A student views a radish plant sprouting in a Ziplock bag on the CCTV.

Magnification of Scientific Specimens for Students with Low Vision

Providing magnification in science (particularly of specimens) proves invaluable for low vision students.

While at the gardens on campus, a group of my students discovered a snail and we carefully brought him back to the lab for closer inspection.  Using a CCTV (or video magnifier), the low vision students in the class were able to fully study the structure of the snail. Understandably there was an increased interest level in the topic as a result of this careful study.  While observing the snail later in the day on the CCTV, a student in another class remarked, “I have NEVER seen a snail up close like this!”

It has often occurred to me as my classes observe biological and geological specimens that all science classrooms (including general education) would benefit from access to a CCTV.  There are many models of CCTV that are available.  The Topaz (Desk Magnification) and Ruby (hand-held) are the two that I have the most experience with.  Please see the following reviews of these products:

As I conceptualized this blog, I realized that it hadn’t occurred to me to write about this topic before, because I have always had a CCTV available for my students and have used it to magnify biological specimens, as well as other specimens. I understand, though, that for many itinerant teachers of the visually impaired this may not be the case.  However, the value of using magnification whenever possible for low vision students deserves attention. 

What types of magnification devices are available in science classrooms?

Other tools that be more available and are less expensive include portable CCTVs, hand-held magnifiers, Apple products including the iPad and iPod, and various tablets which include magnification in the camera setting.  Think creatively about what tools you already have available if you are not able to provide a desktop CCTV for regular use in the science classroom. Speak with the teacher about this topic as well so that he/she will be aware of the tools available and the need to magnify specimens for the student with VI.  Of course, the student himself should be taught self-advocacy in regard to his/her need for magnification.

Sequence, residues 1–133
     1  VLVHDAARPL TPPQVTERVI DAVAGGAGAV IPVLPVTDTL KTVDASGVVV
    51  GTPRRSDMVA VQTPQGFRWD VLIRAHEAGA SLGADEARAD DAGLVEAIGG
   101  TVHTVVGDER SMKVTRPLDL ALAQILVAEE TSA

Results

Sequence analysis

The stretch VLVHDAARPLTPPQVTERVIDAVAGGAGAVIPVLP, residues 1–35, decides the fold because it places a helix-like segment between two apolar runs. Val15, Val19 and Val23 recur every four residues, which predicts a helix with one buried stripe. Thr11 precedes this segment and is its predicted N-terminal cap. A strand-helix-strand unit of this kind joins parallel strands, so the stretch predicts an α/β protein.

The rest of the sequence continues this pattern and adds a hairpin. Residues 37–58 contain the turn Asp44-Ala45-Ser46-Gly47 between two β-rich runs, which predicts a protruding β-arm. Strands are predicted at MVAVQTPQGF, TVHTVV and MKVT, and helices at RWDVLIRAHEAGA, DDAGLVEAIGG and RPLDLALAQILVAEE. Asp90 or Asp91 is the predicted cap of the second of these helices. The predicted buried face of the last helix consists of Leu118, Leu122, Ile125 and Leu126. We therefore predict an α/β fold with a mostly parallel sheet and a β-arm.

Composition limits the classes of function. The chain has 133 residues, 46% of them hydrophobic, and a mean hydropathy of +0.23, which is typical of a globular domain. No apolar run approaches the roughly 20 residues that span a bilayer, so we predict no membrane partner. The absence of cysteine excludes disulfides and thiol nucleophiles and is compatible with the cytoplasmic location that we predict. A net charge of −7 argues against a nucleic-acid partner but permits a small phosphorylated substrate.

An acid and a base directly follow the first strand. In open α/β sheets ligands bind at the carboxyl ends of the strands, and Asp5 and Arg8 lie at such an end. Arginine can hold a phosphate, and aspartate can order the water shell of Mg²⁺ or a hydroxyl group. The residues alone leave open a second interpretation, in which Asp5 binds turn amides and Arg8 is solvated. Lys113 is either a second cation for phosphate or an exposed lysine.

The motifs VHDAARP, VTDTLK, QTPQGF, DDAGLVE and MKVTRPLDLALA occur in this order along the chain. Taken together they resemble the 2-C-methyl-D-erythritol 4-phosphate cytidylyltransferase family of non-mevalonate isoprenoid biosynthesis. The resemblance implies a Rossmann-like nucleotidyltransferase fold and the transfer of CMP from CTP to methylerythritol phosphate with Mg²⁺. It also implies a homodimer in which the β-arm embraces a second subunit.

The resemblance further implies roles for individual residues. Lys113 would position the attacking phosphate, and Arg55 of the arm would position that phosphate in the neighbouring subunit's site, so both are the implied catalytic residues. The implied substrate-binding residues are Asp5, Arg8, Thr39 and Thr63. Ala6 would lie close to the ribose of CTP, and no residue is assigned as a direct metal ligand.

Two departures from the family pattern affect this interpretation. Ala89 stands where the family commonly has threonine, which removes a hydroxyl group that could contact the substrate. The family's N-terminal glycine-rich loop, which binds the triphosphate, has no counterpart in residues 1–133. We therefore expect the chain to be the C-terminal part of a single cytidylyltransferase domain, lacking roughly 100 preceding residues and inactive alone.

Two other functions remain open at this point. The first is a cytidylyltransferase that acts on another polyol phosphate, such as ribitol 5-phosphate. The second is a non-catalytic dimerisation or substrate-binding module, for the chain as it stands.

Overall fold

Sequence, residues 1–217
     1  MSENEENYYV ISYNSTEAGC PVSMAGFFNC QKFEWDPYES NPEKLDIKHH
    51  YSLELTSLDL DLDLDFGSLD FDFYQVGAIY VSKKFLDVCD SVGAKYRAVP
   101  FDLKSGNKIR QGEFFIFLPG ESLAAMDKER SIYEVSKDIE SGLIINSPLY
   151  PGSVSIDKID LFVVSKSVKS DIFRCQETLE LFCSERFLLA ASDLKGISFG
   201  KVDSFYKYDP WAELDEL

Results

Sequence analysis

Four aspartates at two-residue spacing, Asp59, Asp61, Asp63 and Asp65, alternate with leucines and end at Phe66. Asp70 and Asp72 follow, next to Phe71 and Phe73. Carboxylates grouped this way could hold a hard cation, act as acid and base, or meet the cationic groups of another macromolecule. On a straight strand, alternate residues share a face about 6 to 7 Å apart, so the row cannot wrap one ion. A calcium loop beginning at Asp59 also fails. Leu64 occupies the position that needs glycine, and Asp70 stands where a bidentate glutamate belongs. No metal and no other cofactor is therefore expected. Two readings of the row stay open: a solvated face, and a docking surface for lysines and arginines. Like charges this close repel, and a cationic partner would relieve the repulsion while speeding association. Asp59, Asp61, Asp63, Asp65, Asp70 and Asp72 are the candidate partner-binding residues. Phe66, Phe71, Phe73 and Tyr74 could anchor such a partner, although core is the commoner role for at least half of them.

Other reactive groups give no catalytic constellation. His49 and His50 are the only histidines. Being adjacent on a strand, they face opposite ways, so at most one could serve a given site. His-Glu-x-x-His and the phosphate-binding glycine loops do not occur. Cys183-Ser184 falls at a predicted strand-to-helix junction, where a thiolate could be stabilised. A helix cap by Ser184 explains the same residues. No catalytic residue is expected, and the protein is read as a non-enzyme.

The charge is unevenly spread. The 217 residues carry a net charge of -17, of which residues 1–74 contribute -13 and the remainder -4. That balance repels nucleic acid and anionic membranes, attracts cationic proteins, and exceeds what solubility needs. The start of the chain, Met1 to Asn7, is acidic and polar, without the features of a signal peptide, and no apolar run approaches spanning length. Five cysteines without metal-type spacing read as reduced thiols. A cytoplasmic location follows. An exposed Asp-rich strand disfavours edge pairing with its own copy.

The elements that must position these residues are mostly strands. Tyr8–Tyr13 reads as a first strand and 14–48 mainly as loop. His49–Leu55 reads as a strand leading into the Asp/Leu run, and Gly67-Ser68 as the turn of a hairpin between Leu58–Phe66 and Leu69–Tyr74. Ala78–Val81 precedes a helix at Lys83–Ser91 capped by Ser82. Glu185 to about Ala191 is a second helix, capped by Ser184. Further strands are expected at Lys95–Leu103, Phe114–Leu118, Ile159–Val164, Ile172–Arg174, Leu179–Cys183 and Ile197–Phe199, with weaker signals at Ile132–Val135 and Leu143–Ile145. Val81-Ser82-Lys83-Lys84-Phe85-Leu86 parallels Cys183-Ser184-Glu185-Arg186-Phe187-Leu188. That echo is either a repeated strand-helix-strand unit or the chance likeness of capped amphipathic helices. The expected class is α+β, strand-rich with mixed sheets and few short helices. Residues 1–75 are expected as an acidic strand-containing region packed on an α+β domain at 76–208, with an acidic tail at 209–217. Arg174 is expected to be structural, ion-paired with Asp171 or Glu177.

It occurred to me that the most likely scenario in which a student with low vision would not be regularly provided with this type of magnification is when he/she uses LP in class and does not use a CCTV to magnify text. 

Please also see the following blog for information on magnification to a screen from a microscope for low vision students: Using a Microscope with Students with Visual Impairments

The Goal in Using Magnification

In summary, our goal in using magnification, whether in the academic setting, for daily living skills, or for Orientation and Mobility, is to make life more accessible for our students with visual impairment.  Likewise, utilizing magnification in science can greatly enhance a student’s experience and provide invaluable information for the low-vision student.  With this in mind, TVIs should employ both more traditional means of magnification (CCTVs, magnifiers) and those which might not immediately be considered (iPad, tablets) to meet the needs of your students. 

Magnification collage

By Laura Hospitál

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